Motivation Trumps IQ. What now?

StrategyProfs.net

An article recently posted in Slate reviews research showing that a significant portion of the variation in IQ tests is attributable to motivation rather than ability. In one striking study researchers measured the children’s IQ and split them into High, Average, and Low groups. They reran the test offering the low group an M&M for every correct answer. As a result of this simple incentive, the low group’s score went from 79 to 97 – on par with the average group.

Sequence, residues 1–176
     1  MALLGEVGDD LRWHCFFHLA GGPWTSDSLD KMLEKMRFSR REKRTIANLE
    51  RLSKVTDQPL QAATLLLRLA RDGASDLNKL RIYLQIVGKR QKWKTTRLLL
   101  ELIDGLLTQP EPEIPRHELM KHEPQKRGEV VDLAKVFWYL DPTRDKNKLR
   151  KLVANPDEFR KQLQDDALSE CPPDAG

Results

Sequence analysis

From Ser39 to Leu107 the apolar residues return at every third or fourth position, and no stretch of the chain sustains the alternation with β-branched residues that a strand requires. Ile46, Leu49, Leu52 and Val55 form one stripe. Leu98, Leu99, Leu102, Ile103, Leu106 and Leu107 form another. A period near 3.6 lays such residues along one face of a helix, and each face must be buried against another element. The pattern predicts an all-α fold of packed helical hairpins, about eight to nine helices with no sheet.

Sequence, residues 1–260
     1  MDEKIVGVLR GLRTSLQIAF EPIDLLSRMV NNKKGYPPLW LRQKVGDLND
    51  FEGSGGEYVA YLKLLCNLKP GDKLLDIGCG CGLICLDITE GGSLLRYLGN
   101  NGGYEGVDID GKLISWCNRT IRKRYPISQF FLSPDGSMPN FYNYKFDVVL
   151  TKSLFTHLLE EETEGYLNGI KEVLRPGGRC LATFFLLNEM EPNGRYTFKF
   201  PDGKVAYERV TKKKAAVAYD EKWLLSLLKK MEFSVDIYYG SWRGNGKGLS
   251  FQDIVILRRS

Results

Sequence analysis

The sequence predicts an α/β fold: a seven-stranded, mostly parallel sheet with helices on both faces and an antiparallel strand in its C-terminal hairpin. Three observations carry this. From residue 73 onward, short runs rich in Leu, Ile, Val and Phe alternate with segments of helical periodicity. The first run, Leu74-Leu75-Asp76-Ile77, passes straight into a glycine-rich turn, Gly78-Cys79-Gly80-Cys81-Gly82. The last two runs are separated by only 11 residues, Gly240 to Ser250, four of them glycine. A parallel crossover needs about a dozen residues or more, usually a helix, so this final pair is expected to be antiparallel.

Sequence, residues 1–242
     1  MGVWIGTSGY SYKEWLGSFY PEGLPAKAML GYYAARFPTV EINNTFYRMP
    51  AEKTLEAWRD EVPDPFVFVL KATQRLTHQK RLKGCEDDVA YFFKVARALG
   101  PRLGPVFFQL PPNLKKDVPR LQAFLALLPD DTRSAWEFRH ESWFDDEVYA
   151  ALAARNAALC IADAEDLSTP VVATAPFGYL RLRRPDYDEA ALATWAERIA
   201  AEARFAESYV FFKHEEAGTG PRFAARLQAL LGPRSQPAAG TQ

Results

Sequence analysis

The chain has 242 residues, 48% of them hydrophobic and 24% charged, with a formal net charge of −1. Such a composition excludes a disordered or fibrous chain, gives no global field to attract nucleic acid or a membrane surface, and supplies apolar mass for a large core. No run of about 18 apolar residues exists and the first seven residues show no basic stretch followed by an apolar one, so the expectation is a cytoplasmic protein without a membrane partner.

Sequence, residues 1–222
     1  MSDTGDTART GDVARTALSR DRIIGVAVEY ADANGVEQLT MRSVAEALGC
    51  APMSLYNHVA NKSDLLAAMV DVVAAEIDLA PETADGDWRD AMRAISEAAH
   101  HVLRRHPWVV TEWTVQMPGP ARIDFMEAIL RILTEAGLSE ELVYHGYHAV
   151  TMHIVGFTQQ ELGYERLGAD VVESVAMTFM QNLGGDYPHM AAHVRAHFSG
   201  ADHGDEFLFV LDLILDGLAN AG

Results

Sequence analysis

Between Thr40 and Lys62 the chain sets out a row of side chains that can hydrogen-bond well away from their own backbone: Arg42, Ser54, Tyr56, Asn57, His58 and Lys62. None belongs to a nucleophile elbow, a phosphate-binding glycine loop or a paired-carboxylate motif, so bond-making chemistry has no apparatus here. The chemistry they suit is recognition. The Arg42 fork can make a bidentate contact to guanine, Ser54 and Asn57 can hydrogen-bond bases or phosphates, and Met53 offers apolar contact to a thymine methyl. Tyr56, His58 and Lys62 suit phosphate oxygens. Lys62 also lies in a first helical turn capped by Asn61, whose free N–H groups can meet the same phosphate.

Ok, so incentives work. Perhaps not a big surprise on many levels.

On the other hand, there is a large OB/HRM literature invested in the conclusion that performance increases are associated with hiring employees with a higher IQ. The assumption there is that IQ measures ability as opposed to motivation.

This raises a critical question for strategy scholars. Is motivation an immutable attribute of human capital

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